Jupiter, named for the Roman version of Zeus, looks like the happy home of Hades in this infrared image (below) captured by the Gemini North telescope at the Gemini Observatory in Mauna Kea. On the other hand, the Hubble Space Telescope produced an amazing UV view of the planet. These contrasting images are a reminder that the visible spectrum only tells part of the story when it comes to objects from outer space.
Taken in January 2017, the three images capture Jupiter with three different radiation: infrared, visible light and ultraviolet light. They highlight details of the atmosphere of the largest planet in our solar system, provide insight into the formation of thunderstorms and reveal gaps through which researchers can look deeper into the planet’s gaseous corners. The signs appear on the famous great red spot on the planet and are still mysterious; They may be gaseous eddies as described in A. Publishing Recent from NOIRLab.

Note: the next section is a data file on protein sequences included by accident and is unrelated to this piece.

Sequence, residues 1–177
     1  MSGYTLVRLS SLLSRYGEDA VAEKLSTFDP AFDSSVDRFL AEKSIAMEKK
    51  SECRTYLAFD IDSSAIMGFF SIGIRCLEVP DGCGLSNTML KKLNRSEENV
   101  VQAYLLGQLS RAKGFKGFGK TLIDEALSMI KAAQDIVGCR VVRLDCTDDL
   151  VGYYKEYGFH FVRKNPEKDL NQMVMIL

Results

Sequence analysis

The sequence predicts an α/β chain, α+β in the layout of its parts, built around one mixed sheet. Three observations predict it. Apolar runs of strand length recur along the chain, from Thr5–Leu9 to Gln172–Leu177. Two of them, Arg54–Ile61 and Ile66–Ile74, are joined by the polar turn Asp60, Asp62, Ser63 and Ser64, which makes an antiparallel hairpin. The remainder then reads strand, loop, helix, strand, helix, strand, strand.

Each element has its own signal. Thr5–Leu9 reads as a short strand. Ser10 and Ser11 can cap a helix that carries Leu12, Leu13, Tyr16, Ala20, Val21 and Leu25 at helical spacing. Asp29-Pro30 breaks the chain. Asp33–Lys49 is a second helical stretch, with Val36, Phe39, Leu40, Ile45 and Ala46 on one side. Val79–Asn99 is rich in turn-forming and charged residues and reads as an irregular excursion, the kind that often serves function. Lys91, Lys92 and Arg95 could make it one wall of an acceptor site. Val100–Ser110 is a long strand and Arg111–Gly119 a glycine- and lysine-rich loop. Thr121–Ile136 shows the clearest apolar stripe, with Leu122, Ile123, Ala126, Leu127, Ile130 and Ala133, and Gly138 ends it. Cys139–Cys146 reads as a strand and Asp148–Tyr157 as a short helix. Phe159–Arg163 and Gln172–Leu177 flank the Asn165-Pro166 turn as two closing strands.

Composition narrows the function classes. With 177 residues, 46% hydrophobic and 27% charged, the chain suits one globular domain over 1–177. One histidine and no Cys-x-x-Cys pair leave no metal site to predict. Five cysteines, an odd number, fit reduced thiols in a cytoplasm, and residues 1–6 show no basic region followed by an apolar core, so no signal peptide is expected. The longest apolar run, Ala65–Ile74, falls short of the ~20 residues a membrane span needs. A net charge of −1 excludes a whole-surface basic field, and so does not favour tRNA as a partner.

The image of visible light is definitely familiar, and it’s a milky swirl of white, peachy orange, and matte reddish curls. This view shows us more common areas of interest, such as superstorms and hot spots on the planet, in bright colors thanks to A unique chemical cocktail That make up the planet’s outer atmosphere. But in an infrared image, the Great Red Spot turns black, the white clouds are dark, and their dark red gaseous layers turn into streaks of fire. The final image was captured in an ultraviolet spectrum and resembles a dazzling cotton candy ball.
The most accurate advantage of planetary scientists is to see the different layers of clouds of the planet with more accuracy. And for the casual observer a feast for the eyes.
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